Fill-in flash

Whether it's from a camera's built-in flash unit or a Speedlite, a burst of flash can transform images shot during the day.

It might sound strange to use flash in daylight, but it is one of the most useful techniques available to photographers and it can dramatically improve portrait shots. Daylight flash is often called fill-in flash, because it adds light to shadow areas and brings out detail in your subject.

Fully automatic

If your camera has a built-in flash, it's incredibly easy to add fill-in flash. Just set the Fully Automatic (Scene Intelligent Auto) shooting mode ("green square") and raise the flash head. Then, when you take the shot, the camera will fire the flash with just the right amount of light to give a perfect image.

It works like this. Your camera divides the scene in the viewfinder into a number of zones and takes a separate meter reading from each. If the reading from the centre of the frame is the strongest, or there is little difference between the different readings, the flash remains inactive. But if the centre meter reading is weaker than the surrounding readings, the camera assumes that the subject is backlit and adds flash to light it.

A young woman sits at a table with a window behind her, so that her face is in shadow.

Shooting with the sun behind your subjects stops them squinting and gives attractive lighting around the hair, helping the subject stand out, but (without flash) leaves the face in shadow.

A young woman sits at a table with a window behind her but fill-in flash in use, so her face is not in shadow.

Using fill-in flash lightens the shadowed area while retaining the rim lighting. It's the ideal solution when you can't reposition your subjects or don't want them squinting as a result of facing into the sun.

Of course, the system is not perfect. There can be situations where the central subject area is dark but fill-in flash is not appropriate. In this case you can switch to another mode to disable the automatic fill-in flash function.

However, it is usually better to work the other way round. Rather than activate Fully Automatic mode but then switch off fill-in flash when you don't need it, instead simply switch it on when you do. It is easy to recognise situations where fill-in flash will help − and making the flash fire when you want it to is very straightforward.

The aim with fill-in flash is to give the sensor the correct exposure for the daylight, plus enough flash exposure to reveal detail to the subject's shadows. Too little flash leaves the shadows dark, while too much makes the image look artificial. In the past, creating good fill-in flash images required measurements and calculations. Today, however, your EOS camera does all the work for you. It's just a case of setting a suitable shooting mode (more on this in a moment) and the camera will come up with the correct shutter speed or aperture setting for a well-balanced daylight flash image.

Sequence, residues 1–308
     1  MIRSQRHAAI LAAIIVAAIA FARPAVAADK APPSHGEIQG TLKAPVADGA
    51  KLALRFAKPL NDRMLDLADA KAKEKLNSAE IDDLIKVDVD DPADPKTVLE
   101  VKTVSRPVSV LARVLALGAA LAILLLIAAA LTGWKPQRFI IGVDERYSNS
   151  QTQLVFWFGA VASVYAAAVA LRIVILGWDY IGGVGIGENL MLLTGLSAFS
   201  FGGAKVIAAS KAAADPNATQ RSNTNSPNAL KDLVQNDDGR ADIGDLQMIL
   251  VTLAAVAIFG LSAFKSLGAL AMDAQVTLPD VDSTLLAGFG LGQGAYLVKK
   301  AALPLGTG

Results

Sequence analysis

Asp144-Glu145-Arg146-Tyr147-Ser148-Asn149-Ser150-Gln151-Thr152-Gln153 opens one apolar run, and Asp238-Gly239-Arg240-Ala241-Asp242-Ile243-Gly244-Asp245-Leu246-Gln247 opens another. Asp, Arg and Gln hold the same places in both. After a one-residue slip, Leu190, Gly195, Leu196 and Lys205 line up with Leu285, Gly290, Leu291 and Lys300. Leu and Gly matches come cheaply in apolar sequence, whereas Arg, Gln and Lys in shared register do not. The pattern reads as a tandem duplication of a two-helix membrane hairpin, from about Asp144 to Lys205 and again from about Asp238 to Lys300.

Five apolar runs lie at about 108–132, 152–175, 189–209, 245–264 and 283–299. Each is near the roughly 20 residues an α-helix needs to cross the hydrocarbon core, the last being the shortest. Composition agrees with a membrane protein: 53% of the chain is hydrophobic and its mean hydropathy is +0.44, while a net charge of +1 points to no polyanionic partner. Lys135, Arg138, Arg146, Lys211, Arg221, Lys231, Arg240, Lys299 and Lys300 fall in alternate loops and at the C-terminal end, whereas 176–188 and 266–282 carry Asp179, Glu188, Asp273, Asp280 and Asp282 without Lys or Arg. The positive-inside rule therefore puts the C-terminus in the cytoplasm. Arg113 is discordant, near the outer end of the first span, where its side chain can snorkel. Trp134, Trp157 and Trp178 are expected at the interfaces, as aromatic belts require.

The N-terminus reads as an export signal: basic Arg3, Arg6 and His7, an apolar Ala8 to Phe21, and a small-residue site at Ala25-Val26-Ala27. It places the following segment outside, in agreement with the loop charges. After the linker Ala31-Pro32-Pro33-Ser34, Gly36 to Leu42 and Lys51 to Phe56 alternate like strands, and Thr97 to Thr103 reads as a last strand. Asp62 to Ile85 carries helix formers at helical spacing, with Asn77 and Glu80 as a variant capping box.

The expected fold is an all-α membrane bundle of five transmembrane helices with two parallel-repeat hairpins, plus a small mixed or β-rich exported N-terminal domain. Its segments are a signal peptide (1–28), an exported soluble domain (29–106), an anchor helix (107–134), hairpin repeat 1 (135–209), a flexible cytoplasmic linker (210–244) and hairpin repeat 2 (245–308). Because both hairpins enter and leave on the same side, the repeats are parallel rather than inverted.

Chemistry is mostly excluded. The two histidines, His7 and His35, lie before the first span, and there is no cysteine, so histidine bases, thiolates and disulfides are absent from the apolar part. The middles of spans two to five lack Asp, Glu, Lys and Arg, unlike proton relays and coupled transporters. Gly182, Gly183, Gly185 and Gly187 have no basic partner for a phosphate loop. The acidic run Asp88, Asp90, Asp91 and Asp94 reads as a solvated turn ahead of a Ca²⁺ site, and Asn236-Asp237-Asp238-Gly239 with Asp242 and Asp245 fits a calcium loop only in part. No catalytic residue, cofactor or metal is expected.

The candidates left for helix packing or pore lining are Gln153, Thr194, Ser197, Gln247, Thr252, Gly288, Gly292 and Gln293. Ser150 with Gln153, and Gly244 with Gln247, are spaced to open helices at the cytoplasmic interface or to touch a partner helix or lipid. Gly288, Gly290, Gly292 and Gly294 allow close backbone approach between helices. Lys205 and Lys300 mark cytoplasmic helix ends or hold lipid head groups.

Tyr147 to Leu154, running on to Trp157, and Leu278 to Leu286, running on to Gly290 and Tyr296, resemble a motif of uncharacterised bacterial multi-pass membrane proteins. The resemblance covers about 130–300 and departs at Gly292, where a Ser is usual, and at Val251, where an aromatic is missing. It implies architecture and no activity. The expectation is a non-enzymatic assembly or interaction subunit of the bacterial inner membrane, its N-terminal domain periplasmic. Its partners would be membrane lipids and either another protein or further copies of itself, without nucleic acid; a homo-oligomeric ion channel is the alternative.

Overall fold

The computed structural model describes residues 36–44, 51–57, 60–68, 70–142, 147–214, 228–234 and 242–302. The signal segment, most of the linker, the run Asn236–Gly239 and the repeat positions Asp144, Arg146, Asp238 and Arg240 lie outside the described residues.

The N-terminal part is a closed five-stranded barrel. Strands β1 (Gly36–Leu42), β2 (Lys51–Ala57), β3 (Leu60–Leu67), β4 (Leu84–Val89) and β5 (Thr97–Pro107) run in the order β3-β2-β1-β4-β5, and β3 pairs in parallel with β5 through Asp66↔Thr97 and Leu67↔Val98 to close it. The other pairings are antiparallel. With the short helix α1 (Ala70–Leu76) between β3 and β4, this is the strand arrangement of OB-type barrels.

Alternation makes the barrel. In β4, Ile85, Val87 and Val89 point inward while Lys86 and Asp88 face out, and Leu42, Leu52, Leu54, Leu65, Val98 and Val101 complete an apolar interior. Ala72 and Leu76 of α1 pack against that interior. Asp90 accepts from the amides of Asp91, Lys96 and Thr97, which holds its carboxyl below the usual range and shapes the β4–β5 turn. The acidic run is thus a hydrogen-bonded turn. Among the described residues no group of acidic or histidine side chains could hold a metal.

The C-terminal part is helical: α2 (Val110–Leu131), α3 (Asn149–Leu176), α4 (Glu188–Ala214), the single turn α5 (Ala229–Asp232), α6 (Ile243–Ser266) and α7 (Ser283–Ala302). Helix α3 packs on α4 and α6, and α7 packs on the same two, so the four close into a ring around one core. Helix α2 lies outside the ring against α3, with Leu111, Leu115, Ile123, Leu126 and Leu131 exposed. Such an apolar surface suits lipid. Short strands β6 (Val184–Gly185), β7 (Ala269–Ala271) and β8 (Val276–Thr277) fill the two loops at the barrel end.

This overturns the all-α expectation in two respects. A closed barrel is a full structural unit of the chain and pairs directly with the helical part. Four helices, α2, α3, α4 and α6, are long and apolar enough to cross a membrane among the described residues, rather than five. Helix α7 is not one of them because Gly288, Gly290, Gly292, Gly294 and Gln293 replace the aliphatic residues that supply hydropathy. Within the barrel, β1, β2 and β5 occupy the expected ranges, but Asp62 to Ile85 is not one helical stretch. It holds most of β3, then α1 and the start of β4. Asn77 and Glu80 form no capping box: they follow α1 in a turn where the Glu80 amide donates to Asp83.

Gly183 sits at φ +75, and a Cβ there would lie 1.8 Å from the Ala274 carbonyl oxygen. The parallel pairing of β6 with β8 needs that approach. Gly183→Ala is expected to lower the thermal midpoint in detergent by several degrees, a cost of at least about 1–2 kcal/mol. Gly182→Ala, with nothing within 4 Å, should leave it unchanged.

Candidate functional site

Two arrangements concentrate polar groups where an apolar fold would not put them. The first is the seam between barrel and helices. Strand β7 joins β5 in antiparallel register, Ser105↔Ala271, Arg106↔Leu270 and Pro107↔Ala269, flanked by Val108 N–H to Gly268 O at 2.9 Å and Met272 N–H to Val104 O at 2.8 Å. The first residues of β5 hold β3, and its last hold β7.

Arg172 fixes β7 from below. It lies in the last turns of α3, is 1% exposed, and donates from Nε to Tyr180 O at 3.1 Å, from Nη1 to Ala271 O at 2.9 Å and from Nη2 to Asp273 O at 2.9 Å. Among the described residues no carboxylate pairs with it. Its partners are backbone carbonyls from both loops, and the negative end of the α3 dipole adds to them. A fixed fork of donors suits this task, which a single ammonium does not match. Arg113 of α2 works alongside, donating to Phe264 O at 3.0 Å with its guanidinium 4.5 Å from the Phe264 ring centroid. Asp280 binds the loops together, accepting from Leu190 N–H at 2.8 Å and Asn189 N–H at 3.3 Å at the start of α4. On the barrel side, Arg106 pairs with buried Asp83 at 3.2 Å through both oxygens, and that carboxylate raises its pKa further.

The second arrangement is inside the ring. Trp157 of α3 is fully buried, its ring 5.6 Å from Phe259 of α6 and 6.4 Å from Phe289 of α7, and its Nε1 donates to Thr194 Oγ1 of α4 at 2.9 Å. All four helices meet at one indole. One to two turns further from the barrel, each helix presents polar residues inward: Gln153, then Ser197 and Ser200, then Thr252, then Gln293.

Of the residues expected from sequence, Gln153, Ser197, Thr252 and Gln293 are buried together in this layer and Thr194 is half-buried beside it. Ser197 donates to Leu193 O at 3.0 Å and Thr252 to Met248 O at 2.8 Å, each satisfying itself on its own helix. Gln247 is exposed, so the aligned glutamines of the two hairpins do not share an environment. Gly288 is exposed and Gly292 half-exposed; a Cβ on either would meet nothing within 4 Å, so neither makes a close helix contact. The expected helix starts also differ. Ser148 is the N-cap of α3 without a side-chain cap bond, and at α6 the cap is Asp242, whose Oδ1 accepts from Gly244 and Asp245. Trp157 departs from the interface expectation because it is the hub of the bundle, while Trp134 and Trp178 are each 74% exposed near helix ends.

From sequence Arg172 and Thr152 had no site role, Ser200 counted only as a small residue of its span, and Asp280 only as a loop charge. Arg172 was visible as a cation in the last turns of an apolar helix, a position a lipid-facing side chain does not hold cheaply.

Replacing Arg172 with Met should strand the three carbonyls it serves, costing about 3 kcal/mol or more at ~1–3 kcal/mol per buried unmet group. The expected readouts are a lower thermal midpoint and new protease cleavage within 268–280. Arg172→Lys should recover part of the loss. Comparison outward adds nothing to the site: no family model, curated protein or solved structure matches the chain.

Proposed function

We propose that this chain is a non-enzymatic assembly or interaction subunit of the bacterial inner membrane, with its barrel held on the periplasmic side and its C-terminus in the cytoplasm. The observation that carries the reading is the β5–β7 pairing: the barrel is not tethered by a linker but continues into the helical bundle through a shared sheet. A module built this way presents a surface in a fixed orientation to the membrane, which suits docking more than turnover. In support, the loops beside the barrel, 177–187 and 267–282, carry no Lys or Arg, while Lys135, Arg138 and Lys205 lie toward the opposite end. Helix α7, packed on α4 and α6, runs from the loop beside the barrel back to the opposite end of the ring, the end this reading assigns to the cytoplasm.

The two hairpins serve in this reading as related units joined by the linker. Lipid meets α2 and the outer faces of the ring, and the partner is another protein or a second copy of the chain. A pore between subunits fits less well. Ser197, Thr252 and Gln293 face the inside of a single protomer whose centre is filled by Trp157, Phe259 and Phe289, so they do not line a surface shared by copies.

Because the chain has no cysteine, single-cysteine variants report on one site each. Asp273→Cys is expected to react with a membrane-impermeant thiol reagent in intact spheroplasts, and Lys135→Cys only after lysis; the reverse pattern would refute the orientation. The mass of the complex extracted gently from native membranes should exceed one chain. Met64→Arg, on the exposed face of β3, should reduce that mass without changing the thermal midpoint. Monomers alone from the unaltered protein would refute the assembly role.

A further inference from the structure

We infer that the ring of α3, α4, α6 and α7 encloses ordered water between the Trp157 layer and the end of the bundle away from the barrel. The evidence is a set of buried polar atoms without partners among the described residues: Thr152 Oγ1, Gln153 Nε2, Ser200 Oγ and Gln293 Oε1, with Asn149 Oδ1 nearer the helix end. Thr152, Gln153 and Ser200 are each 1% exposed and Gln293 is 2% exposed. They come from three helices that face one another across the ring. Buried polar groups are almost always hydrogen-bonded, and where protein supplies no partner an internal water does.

Built-in flash

Although they are very useful, built-in flash units are not very powerful. At most, the guide number will be 12 (ISO 100, metres). If you divide the guide number by the aperture used for the camera exposure, you get the maximum subject distance or the "reach" of the flash. So if you are shooting at an aperture of f/5.6, for example, the subject you want to be affected by fill-in flash should be no more than about 2 metres away when you use a setting of ISO 100.

Provided the subject is not too far away, the built-in flash found on many EOS cameras is perfect for fill-in flash photography. Being close to the camera lens, it does not throw any shadows across the subject, which means there's no conflict with the shadows thrown by the sunlight.

A Canon EOS 90D camera with its built-in flash raised.

On the Canon EOS 90D, the flash button is on the front, at the top left (the user's left). Press it to raise the built-in flash in all modes. When the flash is up, press it again to access flash-related menu settings.

A Canon EOS 90D camera with a Speedlite 470EX-AI mounted in its hot-shoe.

Using a Speedlite will give you greater flash reach, and fitting one in the camera's hot-shoe disables the built-in flash.

Here is a three-step guide to using a built-in unit for fill-in flash:

  1. Raise the built-in flash head. Many EOS cameras have a small button marked with a lightning-bolt arrow near to the built-in flash unit. Press this button and the flash head will pop up. If there isn't a button, you just need to lift the flash with your fingers.
  2. Set the shooting mode to Aperture Priority (Av). Set the aperture to f/5.6 or f/8. Check that the shutter speed shown in the viewfinder is not blinking (if it is, adjust the aperture setting until the speed value display is steady).
  3. Frame your subject and press the shutter button. In most situations, the camera will automatically capture a well-exposed image that balances the daylight with the flash. When you have finished taking fill-in flash pictures, press down on the flash head to close it away.